Open access in the public eye

April 11, 2012

I wrote yesterday that Open Access had been the front-page story in the Guardian.  Thanks to Mark Wainwright of the Open Knowledge Foundation, I now have photos of both the front cover and the double-page inside spread:

Wellcome joins 'academic spring' to open up science

How an angry maths blog grew into a new scientific revolution

For anyone who doesn’t know, the Guardian is one of the four “broadsheets” or “qualities” among Britain’s national daily newspapers.  These four (Times, Telegraph, Guardian, Independent) are about equally respected, but the Guardian has by far the best online presence of the four.  It has a daily print circulation of about a quarter of a million copies, plus however many people read it online.

As we said … the tide is turning.  The editorial that accompanied these pieces, Academic journals: an open and shut case, was particularly forthright:

Some very clever people have put up with a very silly system for far too long.
This extraordinary racket is, at root, about the bewitching power of high-brow brands.
So the old order needs to change, not just for the good of academics, but for the good of the public who pay them.

I can give that a hearty amen!

5 Responses to “Open access in the public eye”

  1. Mark Robinson Says:

    Thanks, Mike – that’s excellent news. I wasn’t aware from your previous blog post that the Guardian articles has been printed on real dead trees – and the front page no-less!

    I’m going to regret saying this but I think that having the story going “hard-copy” instead of just being on-line, lends it some gravitas. I think this is a good thing because to truly win a war, you must take the battle to the enemy’s home-ground.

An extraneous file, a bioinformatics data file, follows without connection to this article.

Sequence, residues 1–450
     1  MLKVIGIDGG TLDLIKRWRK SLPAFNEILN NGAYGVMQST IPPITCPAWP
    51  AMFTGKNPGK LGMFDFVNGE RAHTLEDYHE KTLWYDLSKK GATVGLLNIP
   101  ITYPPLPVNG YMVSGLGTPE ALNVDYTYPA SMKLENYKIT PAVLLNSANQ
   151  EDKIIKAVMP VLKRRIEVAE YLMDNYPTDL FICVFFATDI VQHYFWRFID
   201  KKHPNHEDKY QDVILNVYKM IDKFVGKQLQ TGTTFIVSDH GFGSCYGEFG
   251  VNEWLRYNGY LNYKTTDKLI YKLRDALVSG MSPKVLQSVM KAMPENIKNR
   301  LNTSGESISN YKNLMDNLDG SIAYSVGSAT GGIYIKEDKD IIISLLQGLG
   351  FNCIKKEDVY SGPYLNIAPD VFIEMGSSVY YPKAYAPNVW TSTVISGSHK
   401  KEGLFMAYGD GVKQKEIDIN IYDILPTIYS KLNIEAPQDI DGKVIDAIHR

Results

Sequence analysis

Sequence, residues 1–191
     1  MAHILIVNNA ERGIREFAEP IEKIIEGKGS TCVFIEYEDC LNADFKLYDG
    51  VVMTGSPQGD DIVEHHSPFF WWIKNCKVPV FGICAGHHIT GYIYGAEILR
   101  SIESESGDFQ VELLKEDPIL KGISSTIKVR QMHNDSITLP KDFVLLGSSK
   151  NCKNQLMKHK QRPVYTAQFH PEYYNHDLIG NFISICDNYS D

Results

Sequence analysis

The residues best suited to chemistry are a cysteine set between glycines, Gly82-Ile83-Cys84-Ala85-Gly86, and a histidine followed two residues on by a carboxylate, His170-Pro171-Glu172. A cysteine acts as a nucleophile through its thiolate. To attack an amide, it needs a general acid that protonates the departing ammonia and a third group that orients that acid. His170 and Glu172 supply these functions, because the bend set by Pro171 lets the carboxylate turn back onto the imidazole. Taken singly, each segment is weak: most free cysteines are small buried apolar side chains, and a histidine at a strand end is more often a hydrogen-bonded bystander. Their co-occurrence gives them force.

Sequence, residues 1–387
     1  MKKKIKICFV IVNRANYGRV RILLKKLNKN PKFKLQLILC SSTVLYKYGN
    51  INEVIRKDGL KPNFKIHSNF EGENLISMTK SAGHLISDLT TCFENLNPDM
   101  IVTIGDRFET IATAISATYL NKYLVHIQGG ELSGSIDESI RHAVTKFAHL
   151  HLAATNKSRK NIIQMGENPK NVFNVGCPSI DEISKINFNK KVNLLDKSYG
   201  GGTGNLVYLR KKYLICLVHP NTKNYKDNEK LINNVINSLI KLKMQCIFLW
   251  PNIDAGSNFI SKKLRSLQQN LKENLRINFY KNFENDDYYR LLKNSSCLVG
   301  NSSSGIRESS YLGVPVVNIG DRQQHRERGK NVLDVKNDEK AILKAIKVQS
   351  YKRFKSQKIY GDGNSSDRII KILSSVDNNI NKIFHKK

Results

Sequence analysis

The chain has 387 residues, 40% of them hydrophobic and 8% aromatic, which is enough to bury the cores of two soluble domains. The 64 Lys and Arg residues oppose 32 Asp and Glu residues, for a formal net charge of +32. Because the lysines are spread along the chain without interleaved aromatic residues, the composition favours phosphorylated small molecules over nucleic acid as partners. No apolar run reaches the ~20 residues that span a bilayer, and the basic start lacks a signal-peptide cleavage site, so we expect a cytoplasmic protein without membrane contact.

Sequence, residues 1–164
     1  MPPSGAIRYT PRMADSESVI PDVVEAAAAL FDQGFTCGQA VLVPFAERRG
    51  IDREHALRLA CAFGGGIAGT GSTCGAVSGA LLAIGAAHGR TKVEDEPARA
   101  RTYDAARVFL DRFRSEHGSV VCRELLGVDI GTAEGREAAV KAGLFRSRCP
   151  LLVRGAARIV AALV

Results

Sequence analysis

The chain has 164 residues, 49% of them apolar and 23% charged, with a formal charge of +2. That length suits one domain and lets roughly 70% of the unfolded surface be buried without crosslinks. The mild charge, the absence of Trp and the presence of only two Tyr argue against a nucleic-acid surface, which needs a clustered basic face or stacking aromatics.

This is just the type of thing that is needed to start those big high-inertia wheels in academia turning just a little bit faster.

  2. Mike Taylor Says:

    I’m going to regret saying this but I think that having the story going “hard-copy” instead of just being on-line, lends it some gravitas.

    No need to regret that, I am sure you’re right. It takes the issue from being an online-only thing to one that has relevance elsewhere. It means physically putting Open Access as an issue in front of a quarter of a million sets of eyeballs — people who might never have heard of it before but who should now be feeling at least some of the outrage that we do.

    One important point that the <Guardian articles have not yet covered is that there’s a broad range of people who want access from outside of universities. I always feel outraged when I read tweets like this

    and this

    saying “What I am actually saying is that to vast majority of bona fide researchers, barrier doesn’t exist” / “And by bona fide researchers, I mean people who actually work at research institutes, hospitals + universities”. Too many publishers, and people who work for them, give the impression that they are the only readers they care about. But what about doctors, teachers, MPs, hobbyists, enterprising high-school kids, and so on? That’s why what I’d really like to see is one of the big newspapers covering Who Needs Access?, which is about precisely these people — the other 99%.

  3. Mark Evans Says:

    Depressingly the Times has opted to support the other side in an Opinion piece by William Rees Mogg. He declares his interest as an “academic publisher” but seems to have missed the point somewhat. Apparently “authors, including researchers, need to earn their fees”!

  4. Mike Taylor Says:

    Well, that is just hilarious.

    Do you have a copy of the article that you could share? Email is fine, if you don’t want to post paywalled material publicly. But I feel the need to mock this in more detail.

  5. Mike Taylor Says:

    I have obtained a copy of the Rees-Mogg article from the Times, and I am absolutely baffled that they would publish such arrant nonsense. It’s evident that Rees-Mogg doesn’t have the slightest idea how academic publishing actually works, hence lines like “Notably, in a peer review system, some reviewers expect to be paid” and “authors, including researchers, need to earn their fees”. He seems to be under the impression that Wellcome are somehow imposing their open-access policy on all academic authors rather than just making it a condition of their own funding. Poor old chap — he must have been very clever once upon a time, but this piece is ignorant, irrational and incoherent. (Happily, virtually no-one will see it since the Times is itself paywalled.)

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